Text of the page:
The skill and athleticism necessary to compete amongst the best soccer players in the world has been front and center during this year’s World Cup. 32 countries handpicked their elite 23 players to represent their national pride. Of over 239 million male soccer players world wide, these 736 athletes face a very small margin of error as they progress through the tournament. To put this into perspective, these 736 men represent nearly 0.000308% of registered soccer players in the world.
I am not a soccer player, much less an enthusiast, but I still respect moments of perfect execution. These are without a doubt the top athletes in their international arena. That said, I still observed opportunities to improve pieces of their movement.
I would target: seamless and effortless movement through space, lack of arm swing, hamstring injuries at top speed, and power’s role in game changing moments. This article will address specific adaptations a S&C program must drive to not only help athletes competing in the World Cup, but anyone outside of the 0.000308 who are gunning for 2018 in Russia.Increase Workability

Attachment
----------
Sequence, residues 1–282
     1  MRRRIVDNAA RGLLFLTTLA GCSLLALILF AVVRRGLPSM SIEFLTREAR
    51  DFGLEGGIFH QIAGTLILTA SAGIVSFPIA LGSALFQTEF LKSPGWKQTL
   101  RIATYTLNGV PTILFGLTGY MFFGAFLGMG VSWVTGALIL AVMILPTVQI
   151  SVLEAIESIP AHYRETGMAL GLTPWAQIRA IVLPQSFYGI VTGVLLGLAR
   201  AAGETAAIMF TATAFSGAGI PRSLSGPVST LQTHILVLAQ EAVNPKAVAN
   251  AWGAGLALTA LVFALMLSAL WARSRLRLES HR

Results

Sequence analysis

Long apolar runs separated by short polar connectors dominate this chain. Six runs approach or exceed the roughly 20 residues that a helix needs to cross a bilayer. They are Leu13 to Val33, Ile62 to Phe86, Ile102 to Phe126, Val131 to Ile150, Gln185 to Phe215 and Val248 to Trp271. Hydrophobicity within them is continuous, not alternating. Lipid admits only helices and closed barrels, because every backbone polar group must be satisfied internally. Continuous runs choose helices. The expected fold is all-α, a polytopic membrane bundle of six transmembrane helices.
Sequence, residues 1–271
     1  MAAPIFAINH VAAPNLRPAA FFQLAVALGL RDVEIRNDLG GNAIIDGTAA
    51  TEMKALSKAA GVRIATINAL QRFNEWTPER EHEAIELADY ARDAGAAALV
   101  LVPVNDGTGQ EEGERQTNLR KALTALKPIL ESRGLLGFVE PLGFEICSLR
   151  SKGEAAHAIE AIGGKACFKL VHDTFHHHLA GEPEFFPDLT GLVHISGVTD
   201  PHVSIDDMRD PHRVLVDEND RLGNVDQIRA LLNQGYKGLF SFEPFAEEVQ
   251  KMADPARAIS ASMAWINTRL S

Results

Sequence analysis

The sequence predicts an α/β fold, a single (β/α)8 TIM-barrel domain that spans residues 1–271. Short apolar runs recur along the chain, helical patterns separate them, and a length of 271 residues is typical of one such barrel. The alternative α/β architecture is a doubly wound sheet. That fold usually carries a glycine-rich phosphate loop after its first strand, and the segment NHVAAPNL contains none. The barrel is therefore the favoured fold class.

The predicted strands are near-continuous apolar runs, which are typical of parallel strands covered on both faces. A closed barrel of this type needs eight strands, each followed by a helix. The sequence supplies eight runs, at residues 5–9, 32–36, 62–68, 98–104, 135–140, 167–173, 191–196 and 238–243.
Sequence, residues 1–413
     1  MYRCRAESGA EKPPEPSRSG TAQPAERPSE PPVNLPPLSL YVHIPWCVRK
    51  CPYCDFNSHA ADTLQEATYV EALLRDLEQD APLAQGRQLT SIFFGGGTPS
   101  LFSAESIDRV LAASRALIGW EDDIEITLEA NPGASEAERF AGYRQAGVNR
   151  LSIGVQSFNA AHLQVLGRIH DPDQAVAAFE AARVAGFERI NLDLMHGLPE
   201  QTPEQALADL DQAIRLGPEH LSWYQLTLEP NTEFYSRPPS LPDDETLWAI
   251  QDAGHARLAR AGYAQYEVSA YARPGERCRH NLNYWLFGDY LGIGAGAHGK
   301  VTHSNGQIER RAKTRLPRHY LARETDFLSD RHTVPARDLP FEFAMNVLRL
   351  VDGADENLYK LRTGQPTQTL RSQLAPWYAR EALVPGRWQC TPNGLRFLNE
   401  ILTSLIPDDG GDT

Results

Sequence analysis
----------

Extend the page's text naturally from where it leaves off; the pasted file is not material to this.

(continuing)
As with all sports, the only way to get better at soccer is…playing soccer. Soccer has become a year round sport, from youth to the international level. The last thing a player needs is for a strength and conditioning program to detract from their soccer skill development. I observed many skills that involved a soccer ball that no amount of time in the weightroom would have helped them accomplish. Wait… so if a strength program cannot help soccer skills, what can it do? Simple, increase workability.
For year round athletes, especially ones at the high levels, a strength coach needs to focus on short term adaptations that drive long term success, gradually developing multiple short term and systemic training effects on the body. During a year round season, the focus of adaptation needs to be increase in power and speed of movement. To effectively accelerate these adaptations, the athlete must demonstrate body control through space, CNS efficiency and kinesthetic awareness. Believe it or not, even some professional athletes still can improve these factors.